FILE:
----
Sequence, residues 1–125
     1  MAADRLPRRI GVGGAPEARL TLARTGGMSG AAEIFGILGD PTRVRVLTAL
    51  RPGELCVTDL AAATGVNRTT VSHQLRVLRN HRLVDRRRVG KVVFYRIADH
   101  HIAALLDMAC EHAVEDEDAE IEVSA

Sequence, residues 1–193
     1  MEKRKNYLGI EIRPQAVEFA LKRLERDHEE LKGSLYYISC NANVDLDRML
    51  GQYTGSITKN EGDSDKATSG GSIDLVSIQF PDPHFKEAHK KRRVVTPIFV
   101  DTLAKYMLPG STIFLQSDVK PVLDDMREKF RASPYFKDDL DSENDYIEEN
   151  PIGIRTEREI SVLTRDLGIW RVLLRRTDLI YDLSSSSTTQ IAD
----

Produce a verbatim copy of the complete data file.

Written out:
Sequence, residues 1–125
     1  MAADRLPRRI GVGGAPEARL TLARTGGMSG AAEIFGILGD PTRVRVLTAL
    51  RPGELCVTDL AAATGVNRTT VSHQLRVLRN HRLVDRRRVG KVVFYRIADH
   101  HIAALLDMAC EHAVEDEDAE IEVSA

Sequence, residues 1–193
     1  MEKRKNYLGI EIRPQAVEFA LKRLERDHEE LKGSLYYISC NANVDLDRML
    51  GQYTGSITKN EGDSDKATSG GSIDLVSIQF PDPHFKEAHK KRRVVTPIFV
   101  DTLAKYMLPG STIFLQSDVK PVLDDMREKF RASPYFKDDL DSENDYIEEN
   151  PIGIRTEREI SVLTRDLGIW RVLLRRTDLI YDLSSSSTTQ IAD